- The need for foreign exchange reserves (currently about $6 trillion) will be eliminated.

Such gains are realistic and attainable if the world decides to pursue them. The monetary unions of Europe, the Caribbean, Africa and Brunei/Singapore have shown the way.

- Continue to expand the scope of existing monetary unions, especially the euro.
- Create new monetary unions, e.g. Gulf Cooperation Council, West Africa Monetary Zone.
- "Ize" national currencies to any major currency, as in "dollarize","euroize" or "yenize".
- Create a prototype Global Central Bank as an affiliate of an existing international financial
organization, such as the IMF, World Bank or Bank for International Settlements and invite
countries to "ize" their currencies to the currency issued by that Central Bank. Participating
countries would then form the prototype Global Monetary Union, which would then expand
and merge with other monetary unions.
- Convene international monetary conferences for nations, people and organizations to plan for the
implementation of the Single Global Currency and the structure of the Global Central Bank.
- Encourage economic research and writing about the Single Global Currency.
- Increase worldwide public awareness of the Single Global Currency as the only
long-term solution to the problems of the obsolete multi-currency monetary system(s).
- Establish sound, stable money as a fundamental human right as is the right to own property.

Monday, 17 March 2008

Can a single global currency work?

A single global currency has a few advantages over the current system of 190 separate currencies in circulation in the world. The first of these is that it would eliminate huge volumes of global currency trading and the considerable costs associated with this. Currency speculation which has at times resulted in quite spectacular currency fluctuations would become a thing of the past. Of course it follows that currency fluctuations would end. It can also be expected to bring about greater stability to world trading conditions.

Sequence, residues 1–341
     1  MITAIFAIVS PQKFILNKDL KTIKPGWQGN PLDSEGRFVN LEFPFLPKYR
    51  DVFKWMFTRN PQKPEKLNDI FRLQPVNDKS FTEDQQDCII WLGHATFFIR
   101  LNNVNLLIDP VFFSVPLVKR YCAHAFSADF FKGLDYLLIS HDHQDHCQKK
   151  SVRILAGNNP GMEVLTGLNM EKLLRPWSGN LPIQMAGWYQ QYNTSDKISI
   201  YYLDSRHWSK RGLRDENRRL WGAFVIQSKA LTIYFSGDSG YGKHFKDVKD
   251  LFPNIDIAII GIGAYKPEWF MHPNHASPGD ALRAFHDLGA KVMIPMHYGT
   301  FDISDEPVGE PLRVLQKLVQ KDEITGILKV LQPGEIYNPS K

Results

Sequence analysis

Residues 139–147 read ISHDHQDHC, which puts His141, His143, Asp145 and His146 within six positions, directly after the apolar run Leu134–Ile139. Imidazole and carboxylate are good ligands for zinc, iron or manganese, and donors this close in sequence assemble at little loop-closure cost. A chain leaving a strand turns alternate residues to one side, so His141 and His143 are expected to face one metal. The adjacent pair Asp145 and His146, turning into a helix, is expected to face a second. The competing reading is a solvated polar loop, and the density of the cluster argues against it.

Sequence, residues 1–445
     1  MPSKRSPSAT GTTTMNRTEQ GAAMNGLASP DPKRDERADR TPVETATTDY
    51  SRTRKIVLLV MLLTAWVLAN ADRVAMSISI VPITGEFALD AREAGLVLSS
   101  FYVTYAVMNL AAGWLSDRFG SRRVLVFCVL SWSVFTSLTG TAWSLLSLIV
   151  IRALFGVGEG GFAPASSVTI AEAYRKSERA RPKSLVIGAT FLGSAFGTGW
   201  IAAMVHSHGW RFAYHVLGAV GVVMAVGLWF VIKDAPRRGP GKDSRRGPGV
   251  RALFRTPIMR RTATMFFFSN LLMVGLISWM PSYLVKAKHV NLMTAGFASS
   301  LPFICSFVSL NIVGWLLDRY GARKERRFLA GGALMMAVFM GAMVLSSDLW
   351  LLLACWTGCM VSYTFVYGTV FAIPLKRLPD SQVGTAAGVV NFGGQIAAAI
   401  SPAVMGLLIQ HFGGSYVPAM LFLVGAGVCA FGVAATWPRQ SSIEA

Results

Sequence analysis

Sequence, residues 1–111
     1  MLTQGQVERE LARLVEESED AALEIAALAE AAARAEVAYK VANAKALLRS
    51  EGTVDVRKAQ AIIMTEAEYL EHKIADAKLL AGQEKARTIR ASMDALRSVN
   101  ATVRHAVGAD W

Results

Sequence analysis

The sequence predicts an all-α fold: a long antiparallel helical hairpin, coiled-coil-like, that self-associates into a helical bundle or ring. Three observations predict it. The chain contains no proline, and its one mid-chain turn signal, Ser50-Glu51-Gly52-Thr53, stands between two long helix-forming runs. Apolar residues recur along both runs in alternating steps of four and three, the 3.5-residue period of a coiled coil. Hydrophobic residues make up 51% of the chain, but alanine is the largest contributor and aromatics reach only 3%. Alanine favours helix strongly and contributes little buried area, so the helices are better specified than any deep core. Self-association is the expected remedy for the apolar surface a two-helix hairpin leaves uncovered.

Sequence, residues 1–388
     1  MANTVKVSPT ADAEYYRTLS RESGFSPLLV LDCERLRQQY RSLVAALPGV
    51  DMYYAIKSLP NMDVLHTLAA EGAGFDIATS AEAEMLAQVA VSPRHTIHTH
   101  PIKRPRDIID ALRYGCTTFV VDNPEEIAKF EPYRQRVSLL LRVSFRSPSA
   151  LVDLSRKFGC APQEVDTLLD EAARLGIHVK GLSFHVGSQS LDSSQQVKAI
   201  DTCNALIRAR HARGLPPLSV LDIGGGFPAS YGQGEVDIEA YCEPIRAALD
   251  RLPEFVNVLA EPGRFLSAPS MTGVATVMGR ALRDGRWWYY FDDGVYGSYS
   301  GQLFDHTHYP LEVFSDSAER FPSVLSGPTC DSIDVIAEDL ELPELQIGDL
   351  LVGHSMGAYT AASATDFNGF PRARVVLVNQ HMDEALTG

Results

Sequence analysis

The European Union - or EU - has taken the lead towards a single currency. Amidst much controversy, the Euro was adopted as the currency of many EU countries. It has proven that a single global currency can work - at least at a regional level.

All is well as long as the countries are able to live and trade with each other. What would happen if one of these countries experienced a rogue government intent on world domination?

The concept of a single global currency is not really that new. The gold standard until World War One meant that all currencies were linked to gold. Gold was therefore the real global currency. Until 1971, currency rates were fixed. The pound sterling had a fixed relationship to the dollar, the yen, the fanc and so on. These fixed exchange rates may have been artificial, but they certainly help to maintain stability and predictability when it comes to international trade. In 2001, the South African rand suddenly lost almost 60% of its value against the dollar. Exporters had a field day, but the cost of imported goods soared. By early 2002 the rand had recovered all of its losses. A very unsatisfactory situation for business that are tied into agreements with foreign suppliers and customers.

A single currency is working in Europe where over 500 million people either use it directly or have currencies that are pegged to the Euro. Over 400 million Americans use the US dollar, and millions more around the globe rely on the dollar as a benchmark to price goods and services.

Of course there are problems associated with the concept of a single world currency. The first is the lack of stability in the world. How can you find agreement between countries that are at war? Weaker economies may feel that they are being dominated by the rich and powerful.

Europe has managed to implement its own central bank. But a World Central Bank is much more complex. The result could be one of US hegemony, where other countries all play second fiddle.
One of the major drawbacks of a world currency is that it limits the ability of individual countries to control interest rates. Pressure to reduce rates in the US or EU would override an individual country's need to increase interest rates.